Finding the “experts” who will build you a quality website
How do you choose reliable and trustworthy partners to help you create and administer your eCommerce presence?
Ask them the right questions, and know what answers to expect.
Firstly, most “web development” organisations are not marketing experts… they are “technicians” and “creative designers” – often, this is the same person, who, having done a bit of graphic design (perhaps for A levels) is a dab-hand at Adobe Creative Suite and knows how to build a mean graphic. Then, they learn how to use a CMS (Content Mangement System) like Drupal or WordPress, and they then call themselves “Web Designers”.
They may show you a portfolio of sites they have built – and that’s a good thing, because you can make a list of these, then you can end your first meeting with them. Your next step is to contact as many of their portfolio clients (via their websites) to find out if the site is actualy DOING what they had intended it to do.
Basically… find out from the CLIENTS whether working with this web developer is likely to produce the desired result. If previous (existing) customers of this web developer are happy, then it’s safe to move onto step three – which is your second meeting with the web developer.
In this meeting, you will describe your overall OBJECTIVE for your website, so have a good idea of what you want it to DO for you. A website is a business tool that – like any business tool – must perform certain things and achieve measurable results. At the root of this is one simple premise:-
A business website must measurably contribute to the efficient operations of the company, in finding new business and assisting existing customers in managing their relationship with the business.
If your site is eCommerce, then a key benchmark is its capacity to sell your goods and services. eCommerce is a detailed and complex arena, and many web developers wh claim to know what they are doing, don’t in fact know even the basics. Tread carefully… an online shop needs expertise.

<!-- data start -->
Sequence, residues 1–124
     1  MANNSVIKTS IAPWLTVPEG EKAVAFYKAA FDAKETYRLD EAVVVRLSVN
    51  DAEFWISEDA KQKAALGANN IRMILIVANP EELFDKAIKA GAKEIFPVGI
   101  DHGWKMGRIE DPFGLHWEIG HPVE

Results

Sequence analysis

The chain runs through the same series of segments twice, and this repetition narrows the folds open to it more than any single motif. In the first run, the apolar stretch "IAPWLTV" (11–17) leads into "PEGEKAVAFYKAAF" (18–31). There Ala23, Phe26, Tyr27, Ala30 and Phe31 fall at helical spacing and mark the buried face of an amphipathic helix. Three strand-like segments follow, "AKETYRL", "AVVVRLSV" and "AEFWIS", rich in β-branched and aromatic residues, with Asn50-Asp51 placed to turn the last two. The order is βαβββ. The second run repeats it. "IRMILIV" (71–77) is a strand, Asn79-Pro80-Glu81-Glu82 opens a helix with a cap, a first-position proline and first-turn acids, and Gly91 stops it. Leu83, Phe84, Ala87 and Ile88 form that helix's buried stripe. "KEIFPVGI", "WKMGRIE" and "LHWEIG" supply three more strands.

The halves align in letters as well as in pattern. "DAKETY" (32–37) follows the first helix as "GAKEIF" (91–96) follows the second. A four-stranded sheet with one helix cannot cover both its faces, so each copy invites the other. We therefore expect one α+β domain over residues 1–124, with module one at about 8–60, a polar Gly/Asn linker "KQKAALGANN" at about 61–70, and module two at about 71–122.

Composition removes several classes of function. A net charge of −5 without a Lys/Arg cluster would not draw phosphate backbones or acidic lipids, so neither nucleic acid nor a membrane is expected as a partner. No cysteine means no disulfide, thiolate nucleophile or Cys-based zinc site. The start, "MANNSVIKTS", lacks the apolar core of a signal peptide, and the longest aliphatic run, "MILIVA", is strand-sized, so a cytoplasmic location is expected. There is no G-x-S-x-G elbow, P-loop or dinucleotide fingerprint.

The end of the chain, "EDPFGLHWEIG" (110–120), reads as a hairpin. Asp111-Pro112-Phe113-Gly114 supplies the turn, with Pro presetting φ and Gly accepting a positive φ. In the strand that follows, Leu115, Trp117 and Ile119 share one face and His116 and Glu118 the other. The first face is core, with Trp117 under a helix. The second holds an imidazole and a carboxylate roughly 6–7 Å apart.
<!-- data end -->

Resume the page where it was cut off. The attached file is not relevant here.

Today, the fundamental parameter on which sites are evaluated (both by search engines and people), is in their ease-of-use. Popularly called the USER EXPERIENCE – or “UX” – the easier, faster and more logical your website is to use, the better people will like it, and the more the search engines will take notice of it. This requires keeping up to date with not only the latest “trends” in user behaviour, but also knowing how to implement technology to leverage the benefits associated with modern browsing habits. Your website MUST be able (technically) to deliver a User Experience that is superior, enjoyable (or at the very least, relaxing) and easy.
Most people now access the www via their hand-held (mobile) devices. The “limitations” of these devices, including their smaller screens, compact browser packages and slow download speeds, all have to be factored into the picture. Your site must be built using a “responsive” template or theme… which auto-adjusts its look, feel and behaviour according to the device on which is being viewed.
TECHNICAL vs CONTENT
The technical structure of your site must deliver the performance features that people and search engines now expect. The content (words and pictures) must now be loaded up so that it can be viewed and made sense of by visitors. Again, it is better to employ a skilled and experienced content manager – whether this is a free-lancer, or a member of the team. Not only should they know how to write, but should also have a good grasp of the technical fundamentals of the platform on which the site is built. They must know where to position things – how to categorise them and how to make navigation to this information logical and easy.